II. The University
Literacy is the base on which all else is predicated. The ability to read and write and in general to communicate properly is a fundamental intellectual tool. With it, students can learn to think clearly and to some purpose. Without it, they cannot analyze properly nor develop an independence of thought. Literacy affords a means of access to the raw material upon which the critical or creative intelligence is to be exercised. It affords a means of communication, of shaping ideas and concepts, of selecting between different or competing formulations. It is a means of instructing others.
The most basic experience in literacy given to the student should be the writing of a short expository paper, or the oral presentation of an informational report, on a prescribed topic or on a topic chosen from a restricted list.
At the next level the student should be required to write a paper (or give a seminar) critical and analytical in its intent, on a topic of the student's devising. The ability to devise a topic, to frame its bounds, is at the same time an aspect of understanding of first order importance.
At the highest level there should be produced a paper, in an appropriate style, that analyzes, synthesizes, or argues from a hypothesis and itself generates hypotheses; that produces knowledge, insight, or understanding in the reader and manifests it on the part of the writer; that shows a breadth of understanding in drawing out implications and making connections between remote features of the domain; that, in short, demonstrates a love of learning and an intelligent creativity. This requirement may readily be met in existing senior honours paper courses and the like.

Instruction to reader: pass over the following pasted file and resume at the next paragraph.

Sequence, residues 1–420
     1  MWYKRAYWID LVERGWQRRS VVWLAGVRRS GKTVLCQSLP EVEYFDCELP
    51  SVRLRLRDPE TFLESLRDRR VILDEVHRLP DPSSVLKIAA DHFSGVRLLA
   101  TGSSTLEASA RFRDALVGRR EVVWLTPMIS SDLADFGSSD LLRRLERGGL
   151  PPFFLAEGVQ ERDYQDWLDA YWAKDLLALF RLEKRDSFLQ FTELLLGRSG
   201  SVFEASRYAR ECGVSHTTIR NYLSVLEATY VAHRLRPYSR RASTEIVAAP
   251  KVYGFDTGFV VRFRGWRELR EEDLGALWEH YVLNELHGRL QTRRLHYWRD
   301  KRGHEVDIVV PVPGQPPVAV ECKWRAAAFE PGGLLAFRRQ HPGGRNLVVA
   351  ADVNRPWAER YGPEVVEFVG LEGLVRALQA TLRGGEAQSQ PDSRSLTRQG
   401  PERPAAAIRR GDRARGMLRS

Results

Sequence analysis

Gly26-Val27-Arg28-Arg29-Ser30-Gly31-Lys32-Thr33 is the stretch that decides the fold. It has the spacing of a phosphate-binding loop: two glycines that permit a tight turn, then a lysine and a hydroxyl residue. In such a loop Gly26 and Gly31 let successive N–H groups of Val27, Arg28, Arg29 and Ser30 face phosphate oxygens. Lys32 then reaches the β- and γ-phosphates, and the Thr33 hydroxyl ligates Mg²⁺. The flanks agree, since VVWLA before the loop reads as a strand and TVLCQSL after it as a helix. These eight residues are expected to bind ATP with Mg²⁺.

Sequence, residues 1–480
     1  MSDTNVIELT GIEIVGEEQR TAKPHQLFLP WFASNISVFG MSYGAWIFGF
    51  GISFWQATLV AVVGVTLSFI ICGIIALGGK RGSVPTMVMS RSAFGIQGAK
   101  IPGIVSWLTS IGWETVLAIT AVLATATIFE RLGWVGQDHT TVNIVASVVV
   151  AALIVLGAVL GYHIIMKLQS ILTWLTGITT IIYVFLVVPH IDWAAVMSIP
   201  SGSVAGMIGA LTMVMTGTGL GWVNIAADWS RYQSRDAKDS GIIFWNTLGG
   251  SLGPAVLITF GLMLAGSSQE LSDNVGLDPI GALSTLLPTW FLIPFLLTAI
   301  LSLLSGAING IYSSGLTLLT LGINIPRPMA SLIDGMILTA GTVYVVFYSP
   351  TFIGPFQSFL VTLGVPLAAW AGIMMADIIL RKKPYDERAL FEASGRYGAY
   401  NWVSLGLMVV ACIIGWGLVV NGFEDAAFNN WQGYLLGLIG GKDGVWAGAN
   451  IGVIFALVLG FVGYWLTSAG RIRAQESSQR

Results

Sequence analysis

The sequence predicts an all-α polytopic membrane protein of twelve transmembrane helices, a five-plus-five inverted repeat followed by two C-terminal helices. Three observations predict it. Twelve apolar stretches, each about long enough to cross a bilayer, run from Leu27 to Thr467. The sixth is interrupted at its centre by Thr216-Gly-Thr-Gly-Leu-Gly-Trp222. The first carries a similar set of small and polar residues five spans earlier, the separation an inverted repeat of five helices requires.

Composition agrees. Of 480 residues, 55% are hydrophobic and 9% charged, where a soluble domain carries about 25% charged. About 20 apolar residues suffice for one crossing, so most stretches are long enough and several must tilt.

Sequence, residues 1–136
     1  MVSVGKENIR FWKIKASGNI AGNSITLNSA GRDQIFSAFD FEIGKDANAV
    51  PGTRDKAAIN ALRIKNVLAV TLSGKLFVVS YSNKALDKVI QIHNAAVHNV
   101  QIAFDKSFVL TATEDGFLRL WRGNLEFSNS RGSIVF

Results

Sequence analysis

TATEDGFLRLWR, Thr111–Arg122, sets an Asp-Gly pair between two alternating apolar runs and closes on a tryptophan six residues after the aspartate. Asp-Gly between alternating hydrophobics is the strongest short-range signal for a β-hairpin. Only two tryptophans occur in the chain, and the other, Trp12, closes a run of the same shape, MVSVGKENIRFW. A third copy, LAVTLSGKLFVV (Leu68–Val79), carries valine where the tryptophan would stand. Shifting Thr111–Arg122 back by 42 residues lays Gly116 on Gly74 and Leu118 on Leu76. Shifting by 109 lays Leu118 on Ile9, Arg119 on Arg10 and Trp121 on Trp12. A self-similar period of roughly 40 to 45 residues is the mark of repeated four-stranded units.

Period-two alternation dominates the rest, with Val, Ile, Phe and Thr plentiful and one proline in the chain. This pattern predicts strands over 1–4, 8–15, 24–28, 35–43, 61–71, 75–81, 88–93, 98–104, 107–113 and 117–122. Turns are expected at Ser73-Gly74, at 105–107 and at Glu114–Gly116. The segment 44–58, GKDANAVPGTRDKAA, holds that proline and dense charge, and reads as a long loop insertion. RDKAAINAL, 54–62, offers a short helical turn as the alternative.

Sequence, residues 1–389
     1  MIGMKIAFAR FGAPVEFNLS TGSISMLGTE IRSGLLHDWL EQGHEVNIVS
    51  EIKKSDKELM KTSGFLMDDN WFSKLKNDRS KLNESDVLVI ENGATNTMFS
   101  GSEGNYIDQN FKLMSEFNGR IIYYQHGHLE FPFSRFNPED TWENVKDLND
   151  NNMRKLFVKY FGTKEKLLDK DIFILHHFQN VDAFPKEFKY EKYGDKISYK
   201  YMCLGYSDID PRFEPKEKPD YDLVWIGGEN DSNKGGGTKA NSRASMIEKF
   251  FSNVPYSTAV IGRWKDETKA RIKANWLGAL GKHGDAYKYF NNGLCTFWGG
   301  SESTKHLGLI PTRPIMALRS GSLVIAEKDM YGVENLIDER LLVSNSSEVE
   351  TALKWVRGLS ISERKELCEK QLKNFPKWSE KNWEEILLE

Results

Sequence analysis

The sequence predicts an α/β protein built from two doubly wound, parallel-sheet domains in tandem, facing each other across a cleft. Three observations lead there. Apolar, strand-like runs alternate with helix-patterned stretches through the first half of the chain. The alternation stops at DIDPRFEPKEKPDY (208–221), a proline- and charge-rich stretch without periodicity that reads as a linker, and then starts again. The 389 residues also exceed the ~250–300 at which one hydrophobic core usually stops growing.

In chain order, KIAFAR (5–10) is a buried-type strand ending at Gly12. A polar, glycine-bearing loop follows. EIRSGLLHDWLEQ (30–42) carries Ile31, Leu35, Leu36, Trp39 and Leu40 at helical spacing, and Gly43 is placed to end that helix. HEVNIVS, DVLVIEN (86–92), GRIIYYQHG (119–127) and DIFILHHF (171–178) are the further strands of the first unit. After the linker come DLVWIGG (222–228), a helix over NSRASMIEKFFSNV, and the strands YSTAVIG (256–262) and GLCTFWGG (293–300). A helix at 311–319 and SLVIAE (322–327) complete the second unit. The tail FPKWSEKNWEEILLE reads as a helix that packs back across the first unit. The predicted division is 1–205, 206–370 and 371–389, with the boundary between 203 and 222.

Over the course of an undergraduate education the level of difficulty of the material which the student can read, comprehend, and utilize should increase. One way of securing this might be to encourage, in each discipline program where they do not now exist, reading courses requiring independent work at the 4000 level.
In general, the ability to read and comprehend materials of the highest difficulty is enhanced in semester-long research paper courses and in reading courses. Such courses contribute also to independence of thought and to depth and breadth of understanding.
In its broadest sense, the objective of literacy implies that it is desirable that the student have skill in another language, so as to be able to comprehend material of the appropriate level of sophistication in that language.